Robert Brustein's new play, "Nobody Dies on Friday", is a standard American small cast naturalistic family drama of confrontation and information, the sort of script that reigned supreme on the Broadway stage in the fifties. Not at all what one would expect to see on the American Repertory Theatre's main stage among the Eurotrashed classics and the early twentieth century Modernist Greats. However, "Nobody", with designer Michael Griggs' detailed box set depicting a Bohemian living room in an apartment overlooking Central Park with twenty foot floor to ceiling bookcases crammed with books and records, big stereo, framed photos of celebrities of the stage and screen; and director David Wheeler's splendid quartet of actors demonstrating the kind of Actor's Studio moment to moment psychological investment implied by these conventional circumstances, looks quite at home tucked behind the nineteenth century proscenium of the Hasty Pudding Theatre, where the ART rather perversely produces its New Stages series.
The play, like a thousand other plays and much of what appears on television, features an upwardly mobile family of second generation Jewish immigrants dealing with the stress their devotion to a particular version of the American Dream puts on their relationships. John Strasberg, the college dropout son of the family, is asleep on the sofa amidst the debris of last nights fabulous -- and functional -- New Year's Eve party. Young John (Robert Kropf) is dispossessed, bitter, resentful; deprived of his filial rights and locked in oedipal struggle with the Great Man with Feet of Clay, his father Lee (Alvin Epstein). His acting coach mother Paula (Annette Miller), who has given up her own acting career to care for Lee's children and practice Lee's teaching Method and contribute to Lee's success, tempers her personal and professional support of the children to accommodate Lee's goals. Daughter Susan (Emma Roberts) has a budding career in film, and wants good advice in the worst way -- but she can't trust her parents to give it to her. They are the champions of Truth in theory, but in practice they swing from flattery to belittlement on the basis of their own unexamined needs. Lee's greatest need -- and by wifely accommodation, Paula's -- is for the Strasberg name and Lee's personal version of the Stanislavsky system, which he calls the Method, to be famous and respected. In an off-stage bedroom, passed out from booze and pills and newly separated from her playwright husband Arthur Miller, lies a possible key to fame and artistic immortality: Strasberg protégée Marilyn Monroe is already the biggest celebrity in America, "more famous than Jesus Christ". She is a sex goddess, the creator and performer of a fantastically successful comic persona -- but Lee and his Method will transform her into a Great Emotional Actress, an Eleanora Duse. Marilyn's apotheosis will be Lee's, too -- her divine charisma will lift them both to Parnassus. Marilyn drifts in and out of consciousness, floating on pills and champagne, ringing a little bell to summon one or another of the Strasberg to minister to her. Lee, disciple of artistic Truth, is only too eager to do whatever Marilyn asks and say whatever Marilyn wants to hear -- and to deny that this isn't Truth, but crass manipulation.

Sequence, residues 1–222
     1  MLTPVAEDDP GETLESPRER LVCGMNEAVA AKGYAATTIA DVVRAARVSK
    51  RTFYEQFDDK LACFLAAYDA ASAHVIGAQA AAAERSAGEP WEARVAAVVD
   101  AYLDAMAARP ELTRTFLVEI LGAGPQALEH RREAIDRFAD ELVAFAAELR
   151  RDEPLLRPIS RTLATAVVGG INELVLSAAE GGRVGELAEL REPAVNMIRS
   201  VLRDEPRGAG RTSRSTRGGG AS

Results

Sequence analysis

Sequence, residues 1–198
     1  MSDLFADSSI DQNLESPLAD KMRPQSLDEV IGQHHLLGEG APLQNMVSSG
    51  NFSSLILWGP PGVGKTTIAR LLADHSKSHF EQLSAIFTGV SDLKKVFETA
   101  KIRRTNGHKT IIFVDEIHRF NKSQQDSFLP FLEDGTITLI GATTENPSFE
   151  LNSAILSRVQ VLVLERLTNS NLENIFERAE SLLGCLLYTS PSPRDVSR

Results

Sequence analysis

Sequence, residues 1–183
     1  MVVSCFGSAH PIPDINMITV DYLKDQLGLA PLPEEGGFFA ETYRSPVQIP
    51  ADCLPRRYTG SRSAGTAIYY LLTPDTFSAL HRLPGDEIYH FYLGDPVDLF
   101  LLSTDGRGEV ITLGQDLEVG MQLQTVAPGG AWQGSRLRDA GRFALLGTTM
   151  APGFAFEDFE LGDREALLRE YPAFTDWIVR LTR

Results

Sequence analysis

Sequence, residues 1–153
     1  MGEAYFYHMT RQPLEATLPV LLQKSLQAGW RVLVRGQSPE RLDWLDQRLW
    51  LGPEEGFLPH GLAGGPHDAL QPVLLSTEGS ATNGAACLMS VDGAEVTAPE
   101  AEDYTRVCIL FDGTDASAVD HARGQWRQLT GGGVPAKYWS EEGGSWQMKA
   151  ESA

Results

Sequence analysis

A student from the ART Institute plays Marilyn's off-stage voice -- and this is a ghastly mistake. Structurally, the bell alone would work better, allowing the Strausberg family response and the audience's imagination to supply the mythic presence. Practically, the student hasn't the chops to "do" Marilyn. It may be that when she wasn't "on", Monroe the movie star did have a shallow, empty, characterless voice. Certainly she was accused of vocal inadequacy for the kind of classical stage work she aspired to. But the "Marilyn" voice that was her artistic creation, breathy and drenched in wonder and warmth and vulnerability, was an instrument perfected to convey a certain range of emotion with the greatest effectiveness, and is unmistakable. It is etched on our collective memory, through a thousand drag acts as well as the through the films Monroe made. Every time the not-marilyn student's voice appears in the play, suspension of disbelief vanishes.